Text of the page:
Every year about 5 million companion animals are reported missing-an estimated 2 million of them are stolen. Stolen dogs and cats may be used in dogfights, cult rituals, and other slow tortures "for fun"—and many are stolen and sold for use in experiments. Hundreds of thousands of docile, friendly lost and stolen dogs and cats suffer and die in experiments every year. Click here for more information about animal dealers.
Your Dog Is Gone
1) File "missing" reports at veterinarians' offices, the police department, and animal control. Follow up in person to make sure that a case of mistaken identity is not hampering a reunion with your companion animal.2) Comb the neighborhood, paying special attention to spaces under porches, shrubs, and cars, as well as sheds, drain pipes, and other hiding places that might attract your frightened friend. Cover at least a 2-mile radius.3) Ask delivery persons in your neighborhood if they have seen your animal running at large.4) Post "missing" fliers, including a current photo that accurately portrays your companion animal-do not use one that is dated and misrepresents his or her appearance. At the top of your flier, write "REWARD," and at the bottom list your home, work, and cell phone numbers.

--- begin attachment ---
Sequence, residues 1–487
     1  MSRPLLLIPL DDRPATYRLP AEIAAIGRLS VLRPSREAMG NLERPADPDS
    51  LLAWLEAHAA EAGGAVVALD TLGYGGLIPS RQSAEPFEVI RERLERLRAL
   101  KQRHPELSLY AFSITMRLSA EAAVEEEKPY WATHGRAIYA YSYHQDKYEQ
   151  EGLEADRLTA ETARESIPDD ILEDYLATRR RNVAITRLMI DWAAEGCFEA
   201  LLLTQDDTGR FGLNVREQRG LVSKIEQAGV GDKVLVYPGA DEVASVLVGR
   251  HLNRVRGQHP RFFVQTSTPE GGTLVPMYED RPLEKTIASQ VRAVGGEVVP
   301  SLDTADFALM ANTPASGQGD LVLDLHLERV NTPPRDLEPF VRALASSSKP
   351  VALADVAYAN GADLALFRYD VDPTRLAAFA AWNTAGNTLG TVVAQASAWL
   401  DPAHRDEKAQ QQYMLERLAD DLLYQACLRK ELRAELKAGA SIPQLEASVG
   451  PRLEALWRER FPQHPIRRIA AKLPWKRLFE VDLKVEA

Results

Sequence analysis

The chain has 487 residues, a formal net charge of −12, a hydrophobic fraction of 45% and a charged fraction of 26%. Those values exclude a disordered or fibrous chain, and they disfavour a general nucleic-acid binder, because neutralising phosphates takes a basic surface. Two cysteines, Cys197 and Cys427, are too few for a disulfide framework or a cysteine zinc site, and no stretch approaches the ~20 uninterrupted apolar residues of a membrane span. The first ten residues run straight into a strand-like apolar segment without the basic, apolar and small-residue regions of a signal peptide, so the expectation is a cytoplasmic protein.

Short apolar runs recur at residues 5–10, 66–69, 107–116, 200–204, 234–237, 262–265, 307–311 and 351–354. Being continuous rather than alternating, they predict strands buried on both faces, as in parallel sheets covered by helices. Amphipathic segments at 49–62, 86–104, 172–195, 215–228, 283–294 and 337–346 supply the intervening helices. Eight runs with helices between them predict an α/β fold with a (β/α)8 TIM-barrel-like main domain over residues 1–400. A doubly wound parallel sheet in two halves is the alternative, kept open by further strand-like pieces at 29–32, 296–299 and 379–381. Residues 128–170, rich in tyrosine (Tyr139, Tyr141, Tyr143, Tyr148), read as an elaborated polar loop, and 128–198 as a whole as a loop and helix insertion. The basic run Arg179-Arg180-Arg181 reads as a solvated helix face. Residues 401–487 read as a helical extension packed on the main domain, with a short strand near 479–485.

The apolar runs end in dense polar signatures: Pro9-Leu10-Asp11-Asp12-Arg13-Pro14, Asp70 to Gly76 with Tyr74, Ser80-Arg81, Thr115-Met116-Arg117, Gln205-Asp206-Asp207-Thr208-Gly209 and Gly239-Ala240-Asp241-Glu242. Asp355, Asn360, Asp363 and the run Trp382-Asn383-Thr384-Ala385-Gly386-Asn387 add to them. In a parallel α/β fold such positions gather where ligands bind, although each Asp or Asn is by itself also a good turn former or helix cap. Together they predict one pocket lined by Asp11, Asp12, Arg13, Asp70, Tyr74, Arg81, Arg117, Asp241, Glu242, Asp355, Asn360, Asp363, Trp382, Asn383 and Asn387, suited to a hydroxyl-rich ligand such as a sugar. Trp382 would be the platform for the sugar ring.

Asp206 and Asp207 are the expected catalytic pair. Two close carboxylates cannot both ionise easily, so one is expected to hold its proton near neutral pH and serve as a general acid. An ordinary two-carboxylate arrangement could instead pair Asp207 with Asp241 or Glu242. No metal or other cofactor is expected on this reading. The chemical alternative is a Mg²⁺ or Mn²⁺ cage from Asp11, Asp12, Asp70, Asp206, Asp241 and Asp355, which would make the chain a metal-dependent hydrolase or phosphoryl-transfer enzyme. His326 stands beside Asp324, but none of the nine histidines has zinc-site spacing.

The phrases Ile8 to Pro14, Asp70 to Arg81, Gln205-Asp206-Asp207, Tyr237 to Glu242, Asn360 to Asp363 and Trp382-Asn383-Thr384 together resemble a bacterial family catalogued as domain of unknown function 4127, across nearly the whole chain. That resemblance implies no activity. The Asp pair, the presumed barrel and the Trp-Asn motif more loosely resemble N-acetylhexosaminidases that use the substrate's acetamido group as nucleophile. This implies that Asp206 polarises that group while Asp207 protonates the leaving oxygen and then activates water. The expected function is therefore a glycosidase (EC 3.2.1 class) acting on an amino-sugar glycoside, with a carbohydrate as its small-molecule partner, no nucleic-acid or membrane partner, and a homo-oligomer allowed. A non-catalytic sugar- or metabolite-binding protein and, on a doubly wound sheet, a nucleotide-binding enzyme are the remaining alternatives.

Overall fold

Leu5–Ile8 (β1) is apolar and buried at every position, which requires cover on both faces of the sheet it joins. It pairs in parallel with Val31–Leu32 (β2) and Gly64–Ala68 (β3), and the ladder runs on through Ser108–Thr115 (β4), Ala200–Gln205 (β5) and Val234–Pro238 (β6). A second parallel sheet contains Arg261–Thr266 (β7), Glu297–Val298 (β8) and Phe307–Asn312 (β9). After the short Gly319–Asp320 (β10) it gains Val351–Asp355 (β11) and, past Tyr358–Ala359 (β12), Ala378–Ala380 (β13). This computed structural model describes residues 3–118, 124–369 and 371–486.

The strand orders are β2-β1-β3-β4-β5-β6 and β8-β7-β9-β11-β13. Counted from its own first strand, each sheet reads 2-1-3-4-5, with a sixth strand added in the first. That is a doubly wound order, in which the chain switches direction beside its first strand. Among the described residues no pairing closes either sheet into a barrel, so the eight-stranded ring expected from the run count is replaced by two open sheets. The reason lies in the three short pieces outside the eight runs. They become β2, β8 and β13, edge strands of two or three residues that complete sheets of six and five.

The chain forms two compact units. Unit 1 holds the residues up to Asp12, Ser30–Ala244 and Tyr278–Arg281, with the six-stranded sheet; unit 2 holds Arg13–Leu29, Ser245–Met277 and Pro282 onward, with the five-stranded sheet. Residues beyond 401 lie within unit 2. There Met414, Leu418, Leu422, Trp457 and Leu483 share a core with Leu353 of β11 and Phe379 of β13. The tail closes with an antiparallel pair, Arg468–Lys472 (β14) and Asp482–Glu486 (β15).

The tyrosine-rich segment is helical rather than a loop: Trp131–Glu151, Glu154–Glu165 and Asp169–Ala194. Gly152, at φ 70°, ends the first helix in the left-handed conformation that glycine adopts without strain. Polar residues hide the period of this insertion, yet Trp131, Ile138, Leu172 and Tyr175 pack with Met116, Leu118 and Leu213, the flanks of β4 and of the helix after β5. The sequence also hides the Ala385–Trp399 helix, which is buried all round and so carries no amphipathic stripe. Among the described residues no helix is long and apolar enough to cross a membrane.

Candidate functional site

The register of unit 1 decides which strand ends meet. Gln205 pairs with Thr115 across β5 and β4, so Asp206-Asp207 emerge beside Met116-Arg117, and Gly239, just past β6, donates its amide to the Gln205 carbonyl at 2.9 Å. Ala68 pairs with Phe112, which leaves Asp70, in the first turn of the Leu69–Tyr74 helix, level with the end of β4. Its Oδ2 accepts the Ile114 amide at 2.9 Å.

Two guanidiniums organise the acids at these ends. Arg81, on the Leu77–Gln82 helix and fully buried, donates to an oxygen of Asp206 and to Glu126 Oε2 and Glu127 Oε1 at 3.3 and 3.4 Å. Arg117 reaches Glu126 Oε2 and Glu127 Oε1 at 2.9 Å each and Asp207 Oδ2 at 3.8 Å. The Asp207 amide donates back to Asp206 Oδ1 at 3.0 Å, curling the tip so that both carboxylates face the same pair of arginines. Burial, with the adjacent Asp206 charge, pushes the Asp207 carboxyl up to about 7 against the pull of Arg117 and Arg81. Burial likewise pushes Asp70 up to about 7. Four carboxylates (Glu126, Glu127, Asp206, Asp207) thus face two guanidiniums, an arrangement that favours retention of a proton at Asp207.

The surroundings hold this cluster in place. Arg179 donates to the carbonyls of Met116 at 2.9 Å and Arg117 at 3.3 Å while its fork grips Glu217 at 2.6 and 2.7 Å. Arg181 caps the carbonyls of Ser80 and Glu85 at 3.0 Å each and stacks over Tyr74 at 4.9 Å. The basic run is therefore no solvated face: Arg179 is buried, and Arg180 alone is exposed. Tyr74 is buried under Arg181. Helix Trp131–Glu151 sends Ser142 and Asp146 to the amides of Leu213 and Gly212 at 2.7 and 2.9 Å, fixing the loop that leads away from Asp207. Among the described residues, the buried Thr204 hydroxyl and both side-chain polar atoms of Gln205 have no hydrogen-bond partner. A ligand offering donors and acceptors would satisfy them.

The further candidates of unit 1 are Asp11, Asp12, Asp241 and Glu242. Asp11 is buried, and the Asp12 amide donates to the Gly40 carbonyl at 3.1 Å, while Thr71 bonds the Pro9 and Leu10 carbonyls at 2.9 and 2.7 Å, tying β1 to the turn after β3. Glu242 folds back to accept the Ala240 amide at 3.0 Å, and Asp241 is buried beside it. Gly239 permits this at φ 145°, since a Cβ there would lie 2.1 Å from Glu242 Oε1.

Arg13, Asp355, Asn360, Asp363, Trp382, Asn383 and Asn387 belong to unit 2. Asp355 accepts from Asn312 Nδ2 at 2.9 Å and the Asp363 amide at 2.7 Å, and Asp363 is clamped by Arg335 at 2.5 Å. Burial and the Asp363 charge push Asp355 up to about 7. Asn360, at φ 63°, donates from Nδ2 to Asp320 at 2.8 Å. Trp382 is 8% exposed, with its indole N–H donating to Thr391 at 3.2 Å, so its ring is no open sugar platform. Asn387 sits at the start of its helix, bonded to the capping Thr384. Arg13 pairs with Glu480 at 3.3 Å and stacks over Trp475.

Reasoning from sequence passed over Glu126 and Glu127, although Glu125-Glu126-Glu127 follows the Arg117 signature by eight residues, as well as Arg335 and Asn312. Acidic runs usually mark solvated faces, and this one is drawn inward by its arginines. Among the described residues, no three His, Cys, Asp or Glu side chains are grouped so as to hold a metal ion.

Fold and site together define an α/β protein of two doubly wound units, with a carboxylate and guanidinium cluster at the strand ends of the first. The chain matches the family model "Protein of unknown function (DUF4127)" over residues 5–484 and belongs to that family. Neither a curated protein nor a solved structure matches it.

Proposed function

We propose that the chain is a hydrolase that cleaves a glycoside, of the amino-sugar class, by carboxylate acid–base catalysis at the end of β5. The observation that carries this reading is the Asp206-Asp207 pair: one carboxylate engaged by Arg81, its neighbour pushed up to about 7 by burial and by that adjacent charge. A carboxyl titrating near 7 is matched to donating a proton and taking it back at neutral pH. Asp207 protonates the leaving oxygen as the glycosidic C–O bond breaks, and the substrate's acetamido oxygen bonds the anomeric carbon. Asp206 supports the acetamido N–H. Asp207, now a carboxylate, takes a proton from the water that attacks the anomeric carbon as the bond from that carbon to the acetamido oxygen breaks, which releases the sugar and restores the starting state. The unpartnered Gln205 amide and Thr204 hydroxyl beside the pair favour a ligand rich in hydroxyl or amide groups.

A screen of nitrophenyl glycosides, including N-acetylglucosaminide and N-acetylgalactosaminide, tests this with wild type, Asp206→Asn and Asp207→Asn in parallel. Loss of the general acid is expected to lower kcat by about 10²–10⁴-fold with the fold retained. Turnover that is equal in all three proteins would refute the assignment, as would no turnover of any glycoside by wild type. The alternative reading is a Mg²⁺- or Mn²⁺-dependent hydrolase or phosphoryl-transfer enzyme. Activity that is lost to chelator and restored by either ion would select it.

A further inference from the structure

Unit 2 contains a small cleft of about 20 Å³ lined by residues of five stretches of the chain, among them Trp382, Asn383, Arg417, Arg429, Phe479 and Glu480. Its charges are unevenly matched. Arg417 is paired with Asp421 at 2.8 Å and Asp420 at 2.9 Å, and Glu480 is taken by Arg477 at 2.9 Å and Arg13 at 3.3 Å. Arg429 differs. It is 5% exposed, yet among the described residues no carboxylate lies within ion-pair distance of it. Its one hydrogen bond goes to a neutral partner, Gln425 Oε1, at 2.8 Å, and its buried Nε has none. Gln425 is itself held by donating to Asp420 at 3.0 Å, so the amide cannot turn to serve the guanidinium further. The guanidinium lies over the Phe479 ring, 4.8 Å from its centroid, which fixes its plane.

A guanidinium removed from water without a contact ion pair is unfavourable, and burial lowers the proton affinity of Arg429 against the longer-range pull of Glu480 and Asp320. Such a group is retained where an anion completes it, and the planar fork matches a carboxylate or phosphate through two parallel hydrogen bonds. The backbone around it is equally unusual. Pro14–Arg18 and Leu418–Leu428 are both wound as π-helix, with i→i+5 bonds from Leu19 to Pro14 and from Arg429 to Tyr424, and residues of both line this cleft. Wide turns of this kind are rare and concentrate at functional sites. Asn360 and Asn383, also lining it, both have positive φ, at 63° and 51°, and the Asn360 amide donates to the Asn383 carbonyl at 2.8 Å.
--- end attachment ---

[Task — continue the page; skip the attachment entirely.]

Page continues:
5) Visit your local animal shelter and animal control departments every day in person to see if your nonhuman friend has been turned in. Do not be satisfied with telephone inquiries. Shelters receive dozens of animals every day—and the staff person who answers your phone call may have missed seeing your friend come into the facility.6) Place "lost" advertisements in all the local and weekly newspapers. Many publications will place such ads free of charge. Check the "found" ads every day.7) If two weeks pass, update your flier. A rain-soaked, tattered flier can look months old to someone who might think the animal on your flier is long gone and can't be the same animal he or she has just rescued from busy traffic.8) Don't give up. It's not uncommon for lost companion animals and their guardians to be reunited weeks or even months after becoming lost. It can be frustrating, but your perseverance will increase your chances of finding your lost friend.
Almost all of us grew up eating meat, wearing leather, and going to circuses and zoos. We never considered the impact of these actions on the animals involved. For whatever reason, you are now asking the question: Why should animals have rights? Read more.